• “This is our Grace Ridge”
By Christina Whiting
All summer long Grace Ridge’s peaks and ridgelines have been teasing my friend Heather and me. By the end of August, we’re ravenous for its long, challenging hike.
We both love Grace Ridge Trail with its eight miles of varied terrain and elevation gain of 3,145 feet. We give ourselves eight hours to hike, including lunch and rest at the summit.
More often than not, high winds blow at the top and low-lying cloud cover obscures the view, but with sun in the forecast, we set out, hoping for the best.
The water taxi drops us off at Kayak Beach, a rocky stretch of beach with a developed campsite and outhouse. Heather signs us in on the trail register and we’re on our way.
The day is clear and the morning light peeks through the thick tangle of alders that line the first section of the trail. The alder berries are fat and donning their autumn colors.
We step up, over and around moss and lichen-covered logs as we climb through the Sitka spruce and hemlock forest, leaning in to our hiking poles and find our pace on the steep terrain.
Just over a mile up the winding trail, we pass the tree line that opens up to grand views across the Herring Islands, southern Kachemak Bay, and southern Cook Inlet all the way to the Alaska Peninsula. Wisps of clouds surround the peaks and then dissipate. The sun is bright in the pale, blue sky.
Berry-filled scat litters the trail, evidence of the black bears that populate the area. We talk to ourselves and to each other, letting the bears know that we’re out here, too.
Leaving the dense forest behind, we enter an open meadow. Low-lying alpine flowers display deep red and brilliant orange. Heather spots low-bush blueberries, and we sit on the trail to feast upon the sweet treats.
The trail winds back and forth and upward, crossing a creek and then up through sub-alpine alders and across more open meadows. The fading fireweed stems dot the horizon beneath clear skies and the warming sun.
We stare in silent wonder at the unobstructed views of Eldred Passage, Sadie Peak, Mount Iliamna and Mount Redoubt. The steady click, click of our hiking poles keeps us company and we move in steady rhythm up, up and up the dirt path.
Soon, the path disappears and we’re following stone cairns. These wide mounds of rock guide us across the rocky and flower-strewn alpine tundra. Visible all along the distance, they act as beacons.
Crossing an open saddle, we climb the alpine ridgeline, picking our way carefully over the loose stones and reach the summit of 3,145 feet.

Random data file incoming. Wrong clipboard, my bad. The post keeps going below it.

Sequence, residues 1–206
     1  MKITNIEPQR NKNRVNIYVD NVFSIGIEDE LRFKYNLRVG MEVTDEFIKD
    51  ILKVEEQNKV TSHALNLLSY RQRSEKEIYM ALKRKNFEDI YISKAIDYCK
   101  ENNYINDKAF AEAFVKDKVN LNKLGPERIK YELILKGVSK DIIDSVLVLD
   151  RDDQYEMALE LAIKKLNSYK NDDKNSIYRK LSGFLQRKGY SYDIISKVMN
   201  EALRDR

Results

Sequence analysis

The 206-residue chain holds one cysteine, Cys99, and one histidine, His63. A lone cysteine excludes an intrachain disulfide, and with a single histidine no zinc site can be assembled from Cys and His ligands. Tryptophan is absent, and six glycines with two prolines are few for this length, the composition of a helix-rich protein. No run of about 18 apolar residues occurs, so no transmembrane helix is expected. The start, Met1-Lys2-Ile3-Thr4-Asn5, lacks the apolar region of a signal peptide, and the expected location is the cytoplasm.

With aching shoulders and tender calf muscles, we stop and soak in the views of Sadie Peak, the fjords of Sadie Cove and Tutka Bay and the surrounding Kenai mountains. There is no wind and no sound. We are greeted by stillness and beauty.
The soft, grassy area provides a great perch to burrow into. The spectacular 360-degree view lifts our tired spirits and we eat our lunch and watch a long line of thick clouds parade across the bay.
We rest for an hour and then cautiously pick our way along the 3.5-mile ridgeline spine, with slopes that precipitously drop 3,000 feet on each side of us, down to Sadie Cove and Tutka Bay. Heather urges us to channel our inner mountain goat.
This section is my favorite area of the entire Grace Ridge Trail. The vast views and precarious trail leave me breathless. When we dare to lift our gaze from the narrow trail, we stare straight along the ridgeline into the snow and ice-covered peaks of the southern Kenai Mountains and the southern tip of the Harding Icefield.
Loose rock lines the already-treacherous path, and we adjust the length of our hiking poles as we descend. There is no sound out here but the click, click of our poles.
At the end of the ridgeline, we sink in to thickets of alder, salmonberry plants, skunk cabbage, pushki and devil’s club. The fireweed’s cotton blows across our view like snowfall, resting gently on our shoulders and in our hair.
Continuing our descent, my quads ache from the strain of walking downhill, forcing me to walk slower and I dub them “jelly quads.” Heather sings “The Sound of Music,” distracting my inner critic and we plod on.
Mounds of berry-filled scat continue to litter the trail. Passing a tangle of alder and pushki, we hear the distinctive woofing sound of a black bear from deep within the vegetation. We talk louder, chanting, “Hey Bear, Hey Bear, Nothing to eat here Bear.”
The trail descends ever downward, leading us through another spruce forest. The early evening light falls through the woods, casting shadows across the dirt path. With glimpses of Tutka Bay visible through the trees, we follow the trail as it continues to wind down until at last we reach the shoreline of the north shore of Tutka Bay.
The water taxi sweeps in to retrieve us.
This is our Grace Ridge.
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